Another dissapointment was our cabin attendant. When we arrived on board we found that our cabin had not yet been cleaned completely and had to wait to put our things away until she finished cleaning it. On previous cruises our cabin attendants always did cute things with towels and pillows on our bed but on this cruise our cabin attendant did nothing. It was very difficult to find her to get a bucket of ice and we had to wait, wait, wait, for everything. One day we needed towels and couldn't find her. We noticed that the linen storage area was just across the hall from our cabin and the door was slightly ajar so we went to help ourselves. When we opened the door there was our cabin attendant curled up at the bottom of the closet trying to sleep. We woke her up, she did apologize.
Many of the 'features and amenities' RCL uses to attract passengers to the Voyager are extra cost items. You will pay to use the ice skating rink, the rock climbing wall, even the miniature golf course. In addition, if you choose to dine at the Portofino restaurant it will cost you an additional $8 a person. While RCL wants you to feel you are getting more on this ship you will also be paying for everything you decide to use.
The ports of call were fun, especially Jamaica. Since I had been to the island eleven times in the past, I knew where to go. So, we rented a large spacious van and the four of us drove to Montego Bay and had lunch at the Half Moon. It was a very pleasant day. In Labadee,everyone spends the day at the beach and it is a very relaxing affair. However, I must warn you not to even go near the few shops and the vendors on the so called "private island". To say that the vendors are agressive is an understatement. You start at one end of this large building and you walk through a gauntlet of the most discusting, vile, and agressive vendors I have ever experienced. The smell in there is horrendous. RCL should be more careful about who they allow to sell in this area. Absolutely one of the most nauseating experiences I have ever had and I have visited several third world countries. I just kept trying to convince myself that these are poor people trying to make a meager living and I was able to brush it off as an experience. Cozumel was very nice and we decided to go shopping for a piece of diamond jewelry. We were told by the ship's staff that this was one of the best Caribbean ports to buy gemstones. We found that none of the shopkeepers would answer our questions about diamonds. We couldn't get a straight answer about the grading of the stones,certification, etc. Needless to say we left without buying any gemstones.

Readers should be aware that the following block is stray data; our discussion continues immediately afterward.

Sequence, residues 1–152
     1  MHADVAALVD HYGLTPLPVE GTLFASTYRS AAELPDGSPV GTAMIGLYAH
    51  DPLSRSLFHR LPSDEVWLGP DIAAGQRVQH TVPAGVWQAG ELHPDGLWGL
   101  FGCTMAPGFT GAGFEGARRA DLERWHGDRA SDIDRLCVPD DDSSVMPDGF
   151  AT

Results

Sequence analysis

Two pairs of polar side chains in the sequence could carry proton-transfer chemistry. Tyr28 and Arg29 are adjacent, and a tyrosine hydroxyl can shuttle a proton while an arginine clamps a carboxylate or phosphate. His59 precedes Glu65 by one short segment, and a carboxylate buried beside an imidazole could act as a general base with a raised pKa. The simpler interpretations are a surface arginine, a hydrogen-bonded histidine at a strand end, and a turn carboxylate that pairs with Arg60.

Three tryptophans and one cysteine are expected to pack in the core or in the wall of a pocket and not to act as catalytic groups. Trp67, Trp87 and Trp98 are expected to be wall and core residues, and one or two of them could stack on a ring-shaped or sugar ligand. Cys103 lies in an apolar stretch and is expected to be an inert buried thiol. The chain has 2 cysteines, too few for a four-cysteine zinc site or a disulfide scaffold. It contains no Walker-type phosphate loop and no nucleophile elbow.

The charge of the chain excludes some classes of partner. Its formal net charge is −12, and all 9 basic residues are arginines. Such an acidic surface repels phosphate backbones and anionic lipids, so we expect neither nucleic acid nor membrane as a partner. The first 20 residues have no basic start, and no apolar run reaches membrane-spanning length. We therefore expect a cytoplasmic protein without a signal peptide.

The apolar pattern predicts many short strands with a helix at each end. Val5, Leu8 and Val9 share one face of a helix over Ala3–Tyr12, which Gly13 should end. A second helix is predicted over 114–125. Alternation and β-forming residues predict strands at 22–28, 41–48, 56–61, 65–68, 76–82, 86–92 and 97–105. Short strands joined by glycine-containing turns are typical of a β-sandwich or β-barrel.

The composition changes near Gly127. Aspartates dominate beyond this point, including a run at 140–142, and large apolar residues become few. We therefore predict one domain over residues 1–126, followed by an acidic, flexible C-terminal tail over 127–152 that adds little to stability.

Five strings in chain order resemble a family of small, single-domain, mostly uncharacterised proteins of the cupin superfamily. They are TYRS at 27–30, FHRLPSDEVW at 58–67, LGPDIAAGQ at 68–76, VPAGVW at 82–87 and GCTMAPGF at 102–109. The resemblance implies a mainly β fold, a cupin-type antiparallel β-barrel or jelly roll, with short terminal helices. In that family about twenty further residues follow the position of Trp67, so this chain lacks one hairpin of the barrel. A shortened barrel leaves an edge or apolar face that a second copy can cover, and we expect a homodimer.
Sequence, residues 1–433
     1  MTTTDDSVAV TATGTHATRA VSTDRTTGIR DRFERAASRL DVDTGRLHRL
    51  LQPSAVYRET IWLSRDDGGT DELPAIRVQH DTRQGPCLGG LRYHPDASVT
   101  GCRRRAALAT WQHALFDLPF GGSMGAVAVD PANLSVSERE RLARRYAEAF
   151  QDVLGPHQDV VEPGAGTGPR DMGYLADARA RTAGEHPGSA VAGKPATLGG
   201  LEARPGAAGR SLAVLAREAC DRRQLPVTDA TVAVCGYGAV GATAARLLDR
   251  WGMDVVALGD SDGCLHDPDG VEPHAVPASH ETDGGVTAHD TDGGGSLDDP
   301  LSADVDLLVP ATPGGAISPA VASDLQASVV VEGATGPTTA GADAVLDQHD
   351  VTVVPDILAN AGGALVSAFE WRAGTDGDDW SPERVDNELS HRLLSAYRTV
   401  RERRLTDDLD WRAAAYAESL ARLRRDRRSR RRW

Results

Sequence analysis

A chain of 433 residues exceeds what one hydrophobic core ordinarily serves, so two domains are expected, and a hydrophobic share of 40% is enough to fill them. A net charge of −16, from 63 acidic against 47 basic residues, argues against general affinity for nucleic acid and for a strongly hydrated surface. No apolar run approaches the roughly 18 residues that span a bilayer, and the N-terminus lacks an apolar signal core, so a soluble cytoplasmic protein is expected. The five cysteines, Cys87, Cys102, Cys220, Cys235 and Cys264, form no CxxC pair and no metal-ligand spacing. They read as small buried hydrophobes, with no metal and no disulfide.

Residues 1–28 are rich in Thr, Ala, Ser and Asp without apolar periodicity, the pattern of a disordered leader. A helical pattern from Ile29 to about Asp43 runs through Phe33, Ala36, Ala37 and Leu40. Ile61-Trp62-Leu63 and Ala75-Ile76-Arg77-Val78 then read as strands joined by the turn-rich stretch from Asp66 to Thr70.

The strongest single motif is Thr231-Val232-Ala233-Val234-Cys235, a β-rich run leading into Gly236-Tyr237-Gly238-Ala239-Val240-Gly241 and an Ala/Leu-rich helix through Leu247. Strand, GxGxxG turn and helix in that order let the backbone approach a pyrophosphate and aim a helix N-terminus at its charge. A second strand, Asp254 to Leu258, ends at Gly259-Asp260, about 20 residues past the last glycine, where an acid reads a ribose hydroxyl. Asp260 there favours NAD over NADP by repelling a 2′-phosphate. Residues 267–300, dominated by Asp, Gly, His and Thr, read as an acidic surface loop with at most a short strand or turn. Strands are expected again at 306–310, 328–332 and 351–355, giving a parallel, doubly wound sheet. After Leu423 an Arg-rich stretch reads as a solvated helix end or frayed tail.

In summation, the Voyager is a very nice ship and it is one that every cruiser should experience at least once. Would we go again, possibly, if the price and timing were right. However, we missed the intimacy that a smaller ship provides and came away from the whole experience feeling somewhat cold. We felt the ship was way too big and took away much of the crusing experience for us. We plan on booking our next cruise on a smaller ship that delivers better food and better service. Will it be on an RCL ship? There is a very good possiblity of that since RCL has always provided excellent service and food on past cruises.
I got to eat lunch on the Voyager of the Seas by Royal Carribean and let me tell you folks VOYAGER is the most awesome ship you have ever seen in your entire life. I have been on the Grand Princess and Destiny before, which were the biggest ships ever built before the Voyager and this ship is so spectacular you wouldnt believe it!
Glass domes everywhere and a lot of pyramid glass shapes and statues all over. High Ceilings and Lots of splashy bright colors not before seen on Royal Caribbean. SPACE is abundant and the dining room and theater are amazingly spacious and beautiful. The entire ship is so wonderful you wouldnt want to leave!